Law firm hired by Lincoln Project clears leaders of wrongdoing

A law firm hired earlier this year by The Lincoln Project to review harassment allegations against one of its co-founders, John Weaver, said it had found no information indicating that leaders of the anti-Trump political group were aware of the accusations before they were reported by news outlets. 

The Lincoln Project on Tuesday tweeted a memo that was also shared with Lincoln Project supporters announcing that following a four-month investigation led by law firm Paul Hastings LLP, attorneys “found no evidence that anyone at The Lincoln Project was aware of any inappropriate communications with any underage individuals at any time prior to the publication of those news reports.” 

The New York Times reported in January that 21 men had accused Weaver of sending them unwanted messages and pressuring them for sexual favors in exchange for jobs and career advice. One of the people who received the messages said they began when he was 14 years old. 

ADVERTISEMENT

According to The Lincoln Project, lawyers at Paul Hastings also “found no communications nor conduct reported to The Lincoln Project or its leadership involving Mr. Weaver and any employee, contractor or volunteer that would rise to the level of actionable sexual harassment.” 

However, the political group noted that as part of its “own separate organizational review,” it has “identified areas for improvement as we evolve from a newly formed super PAC focused on defeating Donald TrumpDonald TrumpTrump hails Arizona Senate for audit at Phoenix rally, slams governor Arkansas governor says it's 'disappointing' vaccinations have become 'political' Watch live: Trump attends rally in Phoenix MORE to a long-term organization dedicated to upholding the principles of democracy.”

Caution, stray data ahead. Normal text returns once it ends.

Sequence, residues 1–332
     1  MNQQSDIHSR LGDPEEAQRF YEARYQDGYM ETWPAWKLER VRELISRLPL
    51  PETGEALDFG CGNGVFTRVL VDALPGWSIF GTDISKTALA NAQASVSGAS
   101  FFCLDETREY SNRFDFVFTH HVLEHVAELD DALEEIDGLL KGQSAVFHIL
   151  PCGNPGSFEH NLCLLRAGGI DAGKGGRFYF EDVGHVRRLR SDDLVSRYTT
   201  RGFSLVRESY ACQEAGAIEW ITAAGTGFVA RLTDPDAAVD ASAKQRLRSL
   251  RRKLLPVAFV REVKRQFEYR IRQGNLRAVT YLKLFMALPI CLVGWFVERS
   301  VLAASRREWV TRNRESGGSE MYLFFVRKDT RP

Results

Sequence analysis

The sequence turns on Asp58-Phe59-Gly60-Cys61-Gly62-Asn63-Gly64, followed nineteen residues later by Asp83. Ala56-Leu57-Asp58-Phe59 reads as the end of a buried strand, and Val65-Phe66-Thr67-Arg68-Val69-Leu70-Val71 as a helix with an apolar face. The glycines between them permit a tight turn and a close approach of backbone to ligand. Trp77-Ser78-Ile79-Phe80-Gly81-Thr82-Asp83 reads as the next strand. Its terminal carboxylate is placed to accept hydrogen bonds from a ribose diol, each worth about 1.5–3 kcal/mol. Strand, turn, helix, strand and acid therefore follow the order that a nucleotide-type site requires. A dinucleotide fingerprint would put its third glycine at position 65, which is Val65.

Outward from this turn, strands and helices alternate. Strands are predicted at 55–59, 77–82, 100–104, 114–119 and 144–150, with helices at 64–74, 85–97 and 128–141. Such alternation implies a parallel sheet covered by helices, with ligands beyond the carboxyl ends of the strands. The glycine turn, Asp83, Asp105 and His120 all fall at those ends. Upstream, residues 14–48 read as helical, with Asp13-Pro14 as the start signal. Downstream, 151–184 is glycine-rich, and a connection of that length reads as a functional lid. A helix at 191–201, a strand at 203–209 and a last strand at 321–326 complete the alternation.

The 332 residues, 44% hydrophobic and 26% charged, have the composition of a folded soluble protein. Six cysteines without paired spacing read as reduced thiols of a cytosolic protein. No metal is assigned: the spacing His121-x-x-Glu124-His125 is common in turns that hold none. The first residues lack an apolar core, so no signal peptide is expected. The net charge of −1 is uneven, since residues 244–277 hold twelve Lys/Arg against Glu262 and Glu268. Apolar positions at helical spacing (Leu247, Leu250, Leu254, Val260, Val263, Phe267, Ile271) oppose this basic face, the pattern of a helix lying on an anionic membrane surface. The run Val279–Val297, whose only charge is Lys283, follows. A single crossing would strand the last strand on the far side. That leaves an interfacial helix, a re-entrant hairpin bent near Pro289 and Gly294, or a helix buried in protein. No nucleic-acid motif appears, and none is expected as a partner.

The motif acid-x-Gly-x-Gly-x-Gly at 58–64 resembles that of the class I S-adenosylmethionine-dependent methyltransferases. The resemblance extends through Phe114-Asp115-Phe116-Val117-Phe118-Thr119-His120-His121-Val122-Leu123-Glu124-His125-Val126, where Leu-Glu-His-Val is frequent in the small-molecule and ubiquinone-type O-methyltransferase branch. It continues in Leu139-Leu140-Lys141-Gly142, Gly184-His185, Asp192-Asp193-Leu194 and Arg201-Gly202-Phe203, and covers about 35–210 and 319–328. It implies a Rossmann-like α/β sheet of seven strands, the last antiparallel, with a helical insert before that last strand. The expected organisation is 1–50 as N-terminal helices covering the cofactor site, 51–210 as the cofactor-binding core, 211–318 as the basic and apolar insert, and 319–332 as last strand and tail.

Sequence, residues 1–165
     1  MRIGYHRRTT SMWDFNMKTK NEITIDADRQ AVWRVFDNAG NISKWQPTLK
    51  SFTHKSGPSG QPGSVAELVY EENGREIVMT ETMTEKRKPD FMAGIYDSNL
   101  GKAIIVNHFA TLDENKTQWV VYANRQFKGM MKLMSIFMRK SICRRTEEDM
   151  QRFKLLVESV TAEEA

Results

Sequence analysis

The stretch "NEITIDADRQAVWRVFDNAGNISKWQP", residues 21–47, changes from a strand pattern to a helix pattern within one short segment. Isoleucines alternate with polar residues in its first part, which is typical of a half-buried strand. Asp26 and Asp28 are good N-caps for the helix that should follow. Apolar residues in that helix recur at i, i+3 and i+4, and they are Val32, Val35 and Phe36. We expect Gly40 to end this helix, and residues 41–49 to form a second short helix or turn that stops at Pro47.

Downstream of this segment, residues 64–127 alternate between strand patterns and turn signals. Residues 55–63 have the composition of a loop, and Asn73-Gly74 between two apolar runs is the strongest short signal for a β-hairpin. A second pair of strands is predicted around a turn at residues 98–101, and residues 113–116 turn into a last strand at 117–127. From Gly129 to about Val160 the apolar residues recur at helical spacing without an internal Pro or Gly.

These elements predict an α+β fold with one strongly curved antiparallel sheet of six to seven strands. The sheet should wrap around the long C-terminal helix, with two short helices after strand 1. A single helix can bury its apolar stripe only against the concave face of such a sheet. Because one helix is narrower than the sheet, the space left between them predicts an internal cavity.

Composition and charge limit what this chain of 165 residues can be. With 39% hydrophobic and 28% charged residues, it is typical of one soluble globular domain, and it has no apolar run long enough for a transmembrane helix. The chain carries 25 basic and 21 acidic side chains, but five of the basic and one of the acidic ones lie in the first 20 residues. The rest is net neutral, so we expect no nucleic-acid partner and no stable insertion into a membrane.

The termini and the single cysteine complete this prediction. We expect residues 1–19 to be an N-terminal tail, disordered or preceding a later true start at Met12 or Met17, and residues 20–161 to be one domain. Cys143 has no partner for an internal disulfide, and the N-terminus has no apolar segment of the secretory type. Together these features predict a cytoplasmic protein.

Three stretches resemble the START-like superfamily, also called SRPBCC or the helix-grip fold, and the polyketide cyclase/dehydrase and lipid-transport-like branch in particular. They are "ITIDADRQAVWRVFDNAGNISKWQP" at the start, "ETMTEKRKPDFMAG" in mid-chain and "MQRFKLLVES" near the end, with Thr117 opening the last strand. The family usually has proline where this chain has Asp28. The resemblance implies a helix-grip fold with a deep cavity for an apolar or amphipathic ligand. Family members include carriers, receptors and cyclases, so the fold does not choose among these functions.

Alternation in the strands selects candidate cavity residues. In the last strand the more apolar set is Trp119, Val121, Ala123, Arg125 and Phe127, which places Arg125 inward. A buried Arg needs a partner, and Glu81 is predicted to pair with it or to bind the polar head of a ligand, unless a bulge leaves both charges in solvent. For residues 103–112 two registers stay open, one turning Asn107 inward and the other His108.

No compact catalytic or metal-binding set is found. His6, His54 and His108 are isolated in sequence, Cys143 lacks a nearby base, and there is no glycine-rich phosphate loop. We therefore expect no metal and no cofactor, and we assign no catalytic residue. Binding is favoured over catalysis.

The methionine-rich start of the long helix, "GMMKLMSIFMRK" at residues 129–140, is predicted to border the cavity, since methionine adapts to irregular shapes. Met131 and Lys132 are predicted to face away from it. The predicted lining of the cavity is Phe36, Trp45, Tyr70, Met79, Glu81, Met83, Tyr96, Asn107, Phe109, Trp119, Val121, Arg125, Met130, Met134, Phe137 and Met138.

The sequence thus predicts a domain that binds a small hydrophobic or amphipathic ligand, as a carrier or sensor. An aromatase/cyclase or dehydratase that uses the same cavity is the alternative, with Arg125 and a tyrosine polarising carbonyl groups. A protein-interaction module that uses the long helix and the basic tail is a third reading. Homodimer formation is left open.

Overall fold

“These include formalizing human resources, implementing trainings for staff and senior leadership, changes to the hiring and promotion process, and professionalizing management,” the group added. 

The memo concluded, “We are appreciative of everyone’s support and participation throughout this process.” 

ADVERTISEMENT

The announcement comes even after some news reports indicated that people at The Lincoln Project may have previously been aware of the allegations. 

In February, The 19th’s Amanda Becker reported that multiple sources — including Sarah Lenti, the group’s former executive director — said that co-founders knew about the allegations as early as March 2020. 

Among those who reportedly knew were co-founders Steve Schmidt and Reed Galen, who said in a statement to The 19th at the time, “We are committed to creating a positive, diverse, and inclusive workplace environment at The Lincoln Project and inappropriate behavior by anyone associated with the organization will not be tolerated under any circumstances.”

“We have already taken decisive action to address internal concerns,” he added. 

Schmidt resigned from the group’s board in February after its Twitter account posted screenshots of private messages between Becker and former Lincoln Project member Jennifer Horn. 

The probe findings come as many have raised questions about the independence of the investigation, with Becker noting Tuesday that some lawyers employed at Paul Hastings had made financial contributions to The Lincoln Project in the past. 

The Hill has reached out to the law firm for comment.